Abstract

This brief explores how political views influence Americans’ understanding and perception of science. The research is based on a national version of the Community and Environment in Rural America survey called NCERA, and on New Hampshire’s statewide Granite State Poll. Author Lawrence Hamilton reports that most people on both surveys feel that they understand either a great deal or a moderate amount about global warming or climate change. However, deep partisan divisions affect both personal beliefs about climate change and perceptions of agreement among scientists. Democrats are much more likely to state they believe that climate change is happening, caused mainly by human activities. Republicans are much more likely to say they believe either that climate change is not happening, or that it is, but for natural reasons.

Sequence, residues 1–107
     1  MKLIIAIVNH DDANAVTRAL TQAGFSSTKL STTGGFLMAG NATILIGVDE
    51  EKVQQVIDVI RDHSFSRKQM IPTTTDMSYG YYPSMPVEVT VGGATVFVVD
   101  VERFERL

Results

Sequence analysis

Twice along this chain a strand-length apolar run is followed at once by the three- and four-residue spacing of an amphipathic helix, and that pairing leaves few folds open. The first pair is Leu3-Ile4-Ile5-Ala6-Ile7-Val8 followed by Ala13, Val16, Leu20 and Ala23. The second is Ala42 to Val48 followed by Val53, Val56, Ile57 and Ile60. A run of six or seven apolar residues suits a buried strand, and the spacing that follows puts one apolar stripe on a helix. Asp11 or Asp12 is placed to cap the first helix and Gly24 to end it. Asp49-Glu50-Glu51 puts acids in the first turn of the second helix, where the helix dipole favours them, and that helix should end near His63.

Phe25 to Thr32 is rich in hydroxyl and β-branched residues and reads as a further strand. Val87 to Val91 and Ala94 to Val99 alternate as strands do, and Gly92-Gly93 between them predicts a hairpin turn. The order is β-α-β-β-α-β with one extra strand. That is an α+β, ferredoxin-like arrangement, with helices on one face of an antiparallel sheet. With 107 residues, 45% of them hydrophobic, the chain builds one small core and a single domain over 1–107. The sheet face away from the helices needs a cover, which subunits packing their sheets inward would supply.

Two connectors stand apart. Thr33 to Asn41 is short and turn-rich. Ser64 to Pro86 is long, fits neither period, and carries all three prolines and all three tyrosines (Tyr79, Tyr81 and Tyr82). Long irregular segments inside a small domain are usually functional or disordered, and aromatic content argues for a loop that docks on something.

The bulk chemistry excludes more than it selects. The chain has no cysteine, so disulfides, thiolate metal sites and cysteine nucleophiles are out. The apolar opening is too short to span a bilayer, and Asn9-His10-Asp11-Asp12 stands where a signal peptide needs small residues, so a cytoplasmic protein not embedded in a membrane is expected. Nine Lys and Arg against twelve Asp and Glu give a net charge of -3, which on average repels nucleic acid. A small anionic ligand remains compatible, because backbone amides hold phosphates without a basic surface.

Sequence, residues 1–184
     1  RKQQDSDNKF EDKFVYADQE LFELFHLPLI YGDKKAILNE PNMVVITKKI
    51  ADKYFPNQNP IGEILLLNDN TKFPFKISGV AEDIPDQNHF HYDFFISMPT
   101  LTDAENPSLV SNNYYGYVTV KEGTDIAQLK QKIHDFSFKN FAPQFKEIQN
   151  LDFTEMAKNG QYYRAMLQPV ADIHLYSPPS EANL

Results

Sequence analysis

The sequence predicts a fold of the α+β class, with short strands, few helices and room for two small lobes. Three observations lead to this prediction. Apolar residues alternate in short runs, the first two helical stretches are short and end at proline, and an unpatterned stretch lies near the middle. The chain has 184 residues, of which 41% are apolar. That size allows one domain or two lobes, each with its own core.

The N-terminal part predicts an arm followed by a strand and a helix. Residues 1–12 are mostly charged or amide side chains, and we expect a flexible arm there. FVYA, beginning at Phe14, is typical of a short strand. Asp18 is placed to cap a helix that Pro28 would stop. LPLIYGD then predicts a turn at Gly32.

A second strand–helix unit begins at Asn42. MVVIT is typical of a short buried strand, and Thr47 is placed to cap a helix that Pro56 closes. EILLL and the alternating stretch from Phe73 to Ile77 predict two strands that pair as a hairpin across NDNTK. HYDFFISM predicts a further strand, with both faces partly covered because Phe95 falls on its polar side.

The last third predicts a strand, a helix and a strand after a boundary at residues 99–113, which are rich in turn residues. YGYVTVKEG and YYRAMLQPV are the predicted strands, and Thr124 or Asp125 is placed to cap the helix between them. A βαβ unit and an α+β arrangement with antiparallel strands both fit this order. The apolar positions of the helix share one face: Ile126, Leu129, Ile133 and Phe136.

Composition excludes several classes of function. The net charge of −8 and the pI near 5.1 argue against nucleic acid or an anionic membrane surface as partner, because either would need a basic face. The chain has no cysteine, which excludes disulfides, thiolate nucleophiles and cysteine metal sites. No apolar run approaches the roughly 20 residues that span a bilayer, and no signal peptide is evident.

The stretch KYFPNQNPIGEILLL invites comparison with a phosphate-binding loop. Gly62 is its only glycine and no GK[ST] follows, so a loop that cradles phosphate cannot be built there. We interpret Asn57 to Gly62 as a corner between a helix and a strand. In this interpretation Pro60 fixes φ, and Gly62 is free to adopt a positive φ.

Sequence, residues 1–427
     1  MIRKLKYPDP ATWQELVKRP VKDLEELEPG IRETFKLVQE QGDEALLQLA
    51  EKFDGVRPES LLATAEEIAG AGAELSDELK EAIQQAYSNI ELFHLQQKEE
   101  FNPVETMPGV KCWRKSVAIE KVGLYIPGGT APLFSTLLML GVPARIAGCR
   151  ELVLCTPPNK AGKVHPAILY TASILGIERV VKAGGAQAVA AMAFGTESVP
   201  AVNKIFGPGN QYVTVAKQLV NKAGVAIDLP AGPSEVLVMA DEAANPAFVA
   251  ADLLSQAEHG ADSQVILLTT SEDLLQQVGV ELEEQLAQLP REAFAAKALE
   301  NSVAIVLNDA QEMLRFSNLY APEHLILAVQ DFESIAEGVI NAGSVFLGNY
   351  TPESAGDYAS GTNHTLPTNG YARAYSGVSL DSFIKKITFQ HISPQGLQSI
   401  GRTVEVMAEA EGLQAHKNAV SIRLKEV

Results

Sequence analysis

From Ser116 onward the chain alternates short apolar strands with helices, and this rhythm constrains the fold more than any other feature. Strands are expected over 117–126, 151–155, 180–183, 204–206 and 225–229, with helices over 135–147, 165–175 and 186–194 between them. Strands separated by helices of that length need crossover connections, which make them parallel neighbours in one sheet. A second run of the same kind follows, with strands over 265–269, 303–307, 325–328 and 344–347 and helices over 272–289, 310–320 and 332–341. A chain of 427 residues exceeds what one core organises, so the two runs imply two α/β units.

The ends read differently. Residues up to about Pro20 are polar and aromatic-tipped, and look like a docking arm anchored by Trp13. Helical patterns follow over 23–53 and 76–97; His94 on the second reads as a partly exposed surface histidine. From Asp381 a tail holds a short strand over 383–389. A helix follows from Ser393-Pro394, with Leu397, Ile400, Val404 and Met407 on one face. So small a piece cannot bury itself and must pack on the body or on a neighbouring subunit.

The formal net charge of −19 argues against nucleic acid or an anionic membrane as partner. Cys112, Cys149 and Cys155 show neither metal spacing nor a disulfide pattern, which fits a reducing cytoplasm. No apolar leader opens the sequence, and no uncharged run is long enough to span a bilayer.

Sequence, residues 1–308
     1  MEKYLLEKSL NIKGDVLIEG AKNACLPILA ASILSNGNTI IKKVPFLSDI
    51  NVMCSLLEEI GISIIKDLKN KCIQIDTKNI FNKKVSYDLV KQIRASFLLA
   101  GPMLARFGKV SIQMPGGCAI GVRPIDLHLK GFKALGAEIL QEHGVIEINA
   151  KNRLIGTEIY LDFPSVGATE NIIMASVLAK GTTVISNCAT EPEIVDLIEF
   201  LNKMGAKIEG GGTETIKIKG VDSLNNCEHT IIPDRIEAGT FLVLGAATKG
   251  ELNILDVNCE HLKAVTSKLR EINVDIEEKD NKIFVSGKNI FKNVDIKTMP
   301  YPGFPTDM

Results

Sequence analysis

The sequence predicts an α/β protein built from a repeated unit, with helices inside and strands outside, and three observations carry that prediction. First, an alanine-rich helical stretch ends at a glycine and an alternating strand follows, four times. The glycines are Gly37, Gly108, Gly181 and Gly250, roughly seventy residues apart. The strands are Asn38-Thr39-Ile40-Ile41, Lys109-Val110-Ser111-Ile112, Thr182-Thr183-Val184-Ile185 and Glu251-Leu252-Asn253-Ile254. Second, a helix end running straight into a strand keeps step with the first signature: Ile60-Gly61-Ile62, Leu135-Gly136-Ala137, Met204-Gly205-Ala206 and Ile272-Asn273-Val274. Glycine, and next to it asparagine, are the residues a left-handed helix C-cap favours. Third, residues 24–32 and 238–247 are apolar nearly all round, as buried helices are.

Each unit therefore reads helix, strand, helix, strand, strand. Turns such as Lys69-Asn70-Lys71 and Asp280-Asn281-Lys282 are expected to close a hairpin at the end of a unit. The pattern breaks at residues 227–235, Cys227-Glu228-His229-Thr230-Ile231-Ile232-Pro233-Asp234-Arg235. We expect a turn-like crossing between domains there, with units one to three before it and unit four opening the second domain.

Publication Date

12-6-2011

Publisher

Durham, N.H. : Carsey Institute, University of New Hampshire

Digital Object Identifier (DOI)

https://dx.doi.org/10.34051/p/2020.154

Document Type

Article

Rights

Copyright 2011. The Carsey Institute. These materials may be used for the purposes of research, teaching, and private study. For all other uses, contact the copyright holder.

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